(Our most developed sense)
The human being has a remarkable visual sensitivity, much higher than that of the other senses. The perception of shapes, distances, colors and movements in our environment is a complex process that puts in a chain of optical and nervous elements, from the cornea to the cortex

The light rays of an object we are observing are first deflected from the cornea and then pass through the lens. Unlike the cornea, the curvature of the objective is variable, allowing the image of objects located at different distances to converge on the retina. However, the exactness of this optical system makes it particularly fragile: the slightest negative in the form of the eyeball or in the curvature of the cornea causes an imbalance that the lens is not always sufficient to compensate. By focusing the image not on the retina but in front of or behind it, the vision is blurred

How do you see the eye? Corney's vision of the bark

Eye Anatomy
In our field of vision, when an object enters, each eye perceives it from a slight angle different, which facilitates us to appreciate the distance and better vison its relief in three dimensions. As it passes through the cornea and the lens, the light rays are deflected, so that the image of the object is reversed when it reaches the retina. The optical image is converted by the photoreceptor cells into electrical impulses which borrow the optic nerve. The two optic nerves meet in the optic chiasm, then the lateral geniculate bodies, the growths of the thalamus increase. The information is then transmitted by the optical radiation to the visual cortex, where the image is reconstructed in its place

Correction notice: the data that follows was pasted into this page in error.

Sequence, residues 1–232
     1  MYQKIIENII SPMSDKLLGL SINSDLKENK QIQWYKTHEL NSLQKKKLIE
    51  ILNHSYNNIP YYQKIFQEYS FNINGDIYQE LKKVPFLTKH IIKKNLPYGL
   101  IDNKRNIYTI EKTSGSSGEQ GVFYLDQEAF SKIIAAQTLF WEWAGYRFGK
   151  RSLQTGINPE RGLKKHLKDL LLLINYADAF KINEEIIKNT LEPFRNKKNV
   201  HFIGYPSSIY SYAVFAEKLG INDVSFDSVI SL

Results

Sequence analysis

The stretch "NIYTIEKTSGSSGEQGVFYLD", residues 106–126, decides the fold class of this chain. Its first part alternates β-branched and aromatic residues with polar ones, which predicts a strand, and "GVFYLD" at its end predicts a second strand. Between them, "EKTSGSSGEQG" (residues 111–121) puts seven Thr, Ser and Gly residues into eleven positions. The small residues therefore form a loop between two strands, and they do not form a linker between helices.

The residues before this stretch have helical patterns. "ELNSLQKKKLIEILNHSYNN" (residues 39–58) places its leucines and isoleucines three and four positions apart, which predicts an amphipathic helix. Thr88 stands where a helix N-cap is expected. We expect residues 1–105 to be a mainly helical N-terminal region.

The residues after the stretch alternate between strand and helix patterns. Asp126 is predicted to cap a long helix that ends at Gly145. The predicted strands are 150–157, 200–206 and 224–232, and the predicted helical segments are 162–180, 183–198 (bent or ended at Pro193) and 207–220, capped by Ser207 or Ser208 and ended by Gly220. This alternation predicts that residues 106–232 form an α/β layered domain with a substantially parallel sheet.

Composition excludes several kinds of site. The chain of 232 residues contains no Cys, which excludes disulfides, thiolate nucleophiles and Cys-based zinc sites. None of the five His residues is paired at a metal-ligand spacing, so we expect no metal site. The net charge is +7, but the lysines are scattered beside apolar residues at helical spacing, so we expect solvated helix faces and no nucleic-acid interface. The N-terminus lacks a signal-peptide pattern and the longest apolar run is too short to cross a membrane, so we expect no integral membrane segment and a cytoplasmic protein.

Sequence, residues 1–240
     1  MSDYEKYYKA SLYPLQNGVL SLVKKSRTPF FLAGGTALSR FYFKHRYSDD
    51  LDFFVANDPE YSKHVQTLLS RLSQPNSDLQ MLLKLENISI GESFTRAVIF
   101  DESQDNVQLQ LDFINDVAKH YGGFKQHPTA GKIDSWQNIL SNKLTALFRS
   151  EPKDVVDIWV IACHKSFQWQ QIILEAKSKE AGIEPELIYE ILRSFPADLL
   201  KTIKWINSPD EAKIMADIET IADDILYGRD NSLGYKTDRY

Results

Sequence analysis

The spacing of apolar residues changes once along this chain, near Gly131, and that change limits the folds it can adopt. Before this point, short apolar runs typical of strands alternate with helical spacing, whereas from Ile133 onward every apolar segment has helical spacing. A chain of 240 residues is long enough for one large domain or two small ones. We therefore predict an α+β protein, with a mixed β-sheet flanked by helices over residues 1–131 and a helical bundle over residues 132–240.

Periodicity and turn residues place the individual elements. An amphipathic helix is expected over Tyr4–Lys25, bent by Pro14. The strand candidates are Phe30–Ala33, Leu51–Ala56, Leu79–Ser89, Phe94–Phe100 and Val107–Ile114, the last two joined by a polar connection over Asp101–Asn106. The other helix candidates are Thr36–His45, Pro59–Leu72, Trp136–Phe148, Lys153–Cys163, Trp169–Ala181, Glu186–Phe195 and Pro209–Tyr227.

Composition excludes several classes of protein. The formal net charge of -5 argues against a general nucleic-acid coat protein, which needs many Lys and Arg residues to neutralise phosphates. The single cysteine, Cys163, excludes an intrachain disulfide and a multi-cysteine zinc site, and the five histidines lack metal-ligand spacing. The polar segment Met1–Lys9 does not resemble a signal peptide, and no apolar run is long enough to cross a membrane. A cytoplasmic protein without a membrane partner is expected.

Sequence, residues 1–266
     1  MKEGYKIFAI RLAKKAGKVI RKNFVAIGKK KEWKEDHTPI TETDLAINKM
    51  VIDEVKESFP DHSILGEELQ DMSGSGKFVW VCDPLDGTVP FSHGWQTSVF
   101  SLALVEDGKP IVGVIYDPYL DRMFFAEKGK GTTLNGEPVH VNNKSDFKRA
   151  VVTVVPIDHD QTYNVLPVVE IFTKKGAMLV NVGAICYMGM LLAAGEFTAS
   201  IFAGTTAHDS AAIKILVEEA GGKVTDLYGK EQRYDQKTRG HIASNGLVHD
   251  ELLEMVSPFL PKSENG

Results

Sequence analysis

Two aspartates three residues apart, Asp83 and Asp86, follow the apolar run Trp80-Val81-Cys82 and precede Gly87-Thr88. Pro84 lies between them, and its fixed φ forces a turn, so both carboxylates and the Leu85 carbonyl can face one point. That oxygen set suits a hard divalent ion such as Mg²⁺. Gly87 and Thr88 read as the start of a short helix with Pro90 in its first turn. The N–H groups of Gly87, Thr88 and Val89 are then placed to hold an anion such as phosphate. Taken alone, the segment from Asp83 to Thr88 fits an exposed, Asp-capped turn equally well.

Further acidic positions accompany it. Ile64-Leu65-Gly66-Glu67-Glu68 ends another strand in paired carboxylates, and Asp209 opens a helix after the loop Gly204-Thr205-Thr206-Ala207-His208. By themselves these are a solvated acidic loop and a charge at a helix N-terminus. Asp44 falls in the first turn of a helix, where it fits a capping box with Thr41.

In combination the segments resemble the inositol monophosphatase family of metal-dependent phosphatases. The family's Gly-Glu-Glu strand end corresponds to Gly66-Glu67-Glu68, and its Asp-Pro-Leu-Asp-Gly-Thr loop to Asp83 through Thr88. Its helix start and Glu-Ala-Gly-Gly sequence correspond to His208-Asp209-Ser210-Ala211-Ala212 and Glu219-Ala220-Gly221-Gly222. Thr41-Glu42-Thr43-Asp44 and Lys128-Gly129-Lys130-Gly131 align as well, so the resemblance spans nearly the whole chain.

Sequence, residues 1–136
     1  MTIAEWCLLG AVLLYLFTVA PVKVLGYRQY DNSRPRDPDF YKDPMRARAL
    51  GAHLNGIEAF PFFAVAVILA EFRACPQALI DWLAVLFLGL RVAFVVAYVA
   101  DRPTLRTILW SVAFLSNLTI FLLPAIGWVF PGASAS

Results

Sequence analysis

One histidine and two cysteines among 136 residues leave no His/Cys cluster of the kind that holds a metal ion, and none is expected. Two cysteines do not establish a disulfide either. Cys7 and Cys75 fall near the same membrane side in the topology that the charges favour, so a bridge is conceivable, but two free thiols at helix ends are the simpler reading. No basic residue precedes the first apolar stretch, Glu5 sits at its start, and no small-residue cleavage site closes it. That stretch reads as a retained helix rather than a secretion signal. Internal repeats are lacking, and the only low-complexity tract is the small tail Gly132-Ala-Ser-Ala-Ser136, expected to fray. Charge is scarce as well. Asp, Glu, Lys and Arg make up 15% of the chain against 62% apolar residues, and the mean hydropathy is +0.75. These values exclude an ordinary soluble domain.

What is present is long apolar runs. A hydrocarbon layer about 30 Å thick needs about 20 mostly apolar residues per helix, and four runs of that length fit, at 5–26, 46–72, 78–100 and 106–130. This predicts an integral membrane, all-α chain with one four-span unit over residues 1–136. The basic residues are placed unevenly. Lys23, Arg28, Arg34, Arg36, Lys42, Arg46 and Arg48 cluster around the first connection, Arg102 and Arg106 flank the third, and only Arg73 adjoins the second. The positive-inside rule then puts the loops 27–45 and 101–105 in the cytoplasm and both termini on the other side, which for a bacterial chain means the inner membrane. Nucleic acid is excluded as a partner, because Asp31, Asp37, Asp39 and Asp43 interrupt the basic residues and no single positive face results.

What is blindness?

Many people think that anyone with vision problems is "blind". But just as there is more than one type of vision, there is more than one type of "blindness". Each of these visual disturbances can be physical disabilities, but they are not necessarily completely disabling

Eye diseases and injuries: